Sodus residents take stand for illegal farmworkers
Diana Louise Carter • Staff writer
On any given Sunday in the
As these people, most of whom are white, stand watch at the Church of the Epiphany, brown-skinned people gather inside to hear a priest and a nun leading the Spanish-language Mass. Group members standing watch don't carry signs because they don't want people to beep car horns in support or derision — either of which would disturb the church service.
The citizens are taking a weekly stand against
While federal lawmakers are getting ready to take another stab at fixing the controversial situation, a local group called Migrant Support Services has formed to bear witness to, and prevent persecution of, Latino farmworkers in and around the village of 5,200.
"This is happening in small-town
"We've had farmworkers here forever. It's the way this community has
always operated," said Denise Devalk, 58, a member of the church watch
group who patrolled the roads one recent Sunday looking for the familiar
white-and-green Border Patrol cars. If she had seen the patrol, she
would have called the church to put out the word that it was unsafe to
The church watch, which includes a Jewish doctor, students, teachers, Mexican-American citizens, Catholic nuns and others, started after an incident that outraged local residents. Nearly two years ago, a Mexican farmworker riding his bike to Sunday Mass was stopped by a Border Patrol officer, arrested and deported.
"People ought to have the right to assemble in the church of their choice," said Jim Wood, a 62-year-old teacher from Sodus who participates in the church watch.
The 120 volunteers involved in Migrant Support Services also deliver
monthly food baskets to year-round farmworker families whose
breadwinners were deported. They bring supplies to farmworkers too
afraid to leave their employers' farms. They post bail when a worker is
detained by federal agents and held in
Growth in security
"We are just good people. We don't bother anybody," said a 35-year-old
migrant worker from
Both the Border Patrol and the other Homeland Security agency, Immigration and Customs Enforcement, say they don't cruise around just looking for random Mexicans to arrest. But their resources have grown substantially in the last few years.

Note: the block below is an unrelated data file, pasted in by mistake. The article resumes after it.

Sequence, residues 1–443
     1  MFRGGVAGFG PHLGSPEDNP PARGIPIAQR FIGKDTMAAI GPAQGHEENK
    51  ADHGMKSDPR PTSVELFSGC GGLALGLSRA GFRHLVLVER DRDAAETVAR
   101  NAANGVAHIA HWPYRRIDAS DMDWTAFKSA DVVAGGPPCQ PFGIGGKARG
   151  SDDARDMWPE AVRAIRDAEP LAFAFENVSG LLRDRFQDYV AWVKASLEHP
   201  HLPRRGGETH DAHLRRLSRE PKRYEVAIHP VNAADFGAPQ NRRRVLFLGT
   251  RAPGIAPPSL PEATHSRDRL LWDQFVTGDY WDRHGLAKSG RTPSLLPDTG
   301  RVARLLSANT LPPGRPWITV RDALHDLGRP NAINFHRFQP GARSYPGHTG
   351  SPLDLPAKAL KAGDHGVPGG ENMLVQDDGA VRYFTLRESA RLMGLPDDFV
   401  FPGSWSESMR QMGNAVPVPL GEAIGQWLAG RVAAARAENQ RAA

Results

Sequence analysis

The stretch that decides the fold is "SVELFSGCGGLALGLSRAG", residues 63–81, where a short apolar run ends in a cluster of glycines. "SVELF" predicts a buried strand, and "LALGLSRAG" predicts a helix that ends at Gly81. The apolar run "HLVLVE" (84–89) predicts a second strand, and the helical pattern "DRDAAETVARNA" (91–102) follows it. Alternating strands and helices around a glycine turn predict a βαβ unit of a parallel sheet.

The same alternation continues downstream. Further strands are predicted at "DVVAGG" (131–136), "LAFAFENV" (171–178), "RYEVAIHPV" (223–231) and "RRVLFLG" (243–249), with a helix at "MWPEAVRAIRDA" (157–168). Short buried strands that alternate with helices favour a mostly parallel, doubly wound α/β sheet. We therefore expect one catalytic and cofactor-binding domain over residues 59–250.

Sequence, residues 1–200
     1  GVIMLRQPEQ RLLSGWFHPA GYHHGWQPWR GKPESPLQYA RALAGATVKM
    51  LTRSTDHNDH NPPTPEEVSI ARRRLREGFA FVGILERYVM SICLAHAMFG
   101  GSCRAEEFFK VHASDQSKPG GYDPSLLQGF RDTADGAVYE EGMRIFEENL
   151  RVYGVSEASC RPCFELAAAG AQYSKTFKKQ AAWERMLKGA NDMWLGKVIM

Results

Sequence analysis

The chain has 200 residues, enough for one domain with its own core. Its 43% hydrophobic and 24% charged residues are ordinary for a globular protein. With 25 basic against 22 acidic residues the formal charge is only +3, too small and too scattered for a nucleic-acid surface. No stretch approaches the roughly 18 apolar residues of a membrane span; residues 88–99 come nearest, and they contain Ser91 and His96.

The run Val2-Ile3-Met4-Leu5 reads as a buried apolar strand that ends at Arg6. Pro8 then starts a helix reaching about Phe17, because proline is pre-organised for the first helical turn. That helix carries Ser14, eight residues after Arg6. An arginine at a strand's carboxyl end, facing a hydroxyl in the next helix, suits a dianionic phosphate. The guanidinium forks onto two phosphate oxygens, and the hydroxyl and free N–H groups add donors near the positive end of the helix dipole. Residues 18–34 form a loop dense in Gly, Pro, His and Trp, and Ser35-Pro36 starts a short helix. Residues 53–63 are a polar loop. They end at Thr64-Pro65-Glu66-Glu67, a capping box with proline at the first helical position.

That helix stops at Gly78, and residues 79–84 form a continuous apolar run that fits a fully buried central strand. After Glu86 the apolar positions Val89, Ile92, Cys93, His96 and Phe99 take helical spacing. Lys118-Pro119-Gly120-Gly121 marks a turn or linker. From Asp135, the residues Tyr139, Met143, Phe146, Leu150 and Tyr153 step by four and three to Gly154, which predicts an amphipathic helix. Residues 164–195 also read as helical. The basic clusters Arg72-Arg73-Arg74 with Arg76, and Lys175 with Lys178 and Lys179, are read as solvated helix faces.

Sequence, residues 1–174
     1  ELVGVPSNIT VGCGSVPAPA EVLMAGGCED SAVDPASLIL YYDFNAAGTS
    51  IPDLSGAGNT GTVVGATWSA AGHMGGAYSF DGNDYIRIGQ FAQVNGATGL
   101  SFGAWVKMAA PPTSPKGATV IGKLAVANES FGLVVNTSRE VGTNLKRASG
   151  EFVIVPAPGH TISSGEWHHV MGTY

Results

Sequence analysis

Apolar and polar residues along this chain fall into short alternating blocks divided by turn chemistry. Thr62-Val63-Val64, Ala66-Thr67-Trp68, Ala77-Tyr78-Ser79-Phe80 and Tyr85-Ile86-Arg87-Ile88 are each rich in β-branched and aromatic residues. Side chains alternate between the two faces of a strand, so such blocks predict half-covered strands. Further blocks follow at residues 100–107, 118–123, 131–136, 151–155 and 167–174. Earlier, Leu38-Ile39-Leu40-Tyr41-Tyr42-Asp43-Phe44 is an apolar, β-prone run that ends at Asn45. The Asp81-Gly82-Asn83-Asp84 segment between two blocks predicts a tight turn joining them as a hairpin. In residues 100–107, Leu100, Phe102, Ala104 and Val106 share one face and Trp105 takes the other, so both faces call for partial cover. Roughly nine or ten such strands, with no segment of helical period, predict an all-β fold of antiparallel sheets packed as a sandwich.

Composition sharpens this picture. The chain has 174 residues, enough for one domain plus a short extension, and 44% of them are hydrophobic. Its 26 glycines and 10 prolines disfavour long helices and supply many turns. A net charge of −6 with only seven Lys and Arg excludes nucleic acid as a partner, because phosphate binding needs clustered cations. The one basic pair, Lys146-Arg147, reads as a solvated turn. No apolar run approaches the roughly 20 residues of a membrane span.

"In the past two years we've grown 170 percent," said A.J. Price,
supervisory Border Patrol agent at the Buffalo-region office in
Meanwhile, according to fact sheets for ICE, established in 2003, that agency's annual budget has grown 80.7 percent in the last five years. Detention and removal of illegal aliens, an ICE activity that accounted for 34 percent of the agency's $3.2 billion budget in 2005, has risen 132 percent in five years, now amounting to 44 percent of the agency's total budget of $5.8 billion.
One measure of increased enforcement is Homeland Security's use of the
Wayne County Jail in
Migrant advocate Wood said the
Blaming the surge in enforcement, some farmers are reporting labor
shortages as workers leave or avoid the area.
Many of the workers are afraid to go anywhere for fear of being arrested, he said. Despite the church watch, attendance at the Spanish Mass is down about 50 percent.
"Our population here lives in utter fear," Ghertner said.
It's hard on the whole family, she said. "It's even harder to see the little kids asking for their father."
"All our operations are targeted. We don't drive around and look for
people," said Michael W. Gilhooly, spokesman for the Northeast regional
ICE office in
Meanwhile, the Border Patrol's job in this area is preventing illegal
crossings of the Canadian border and patrolling the shoreline, said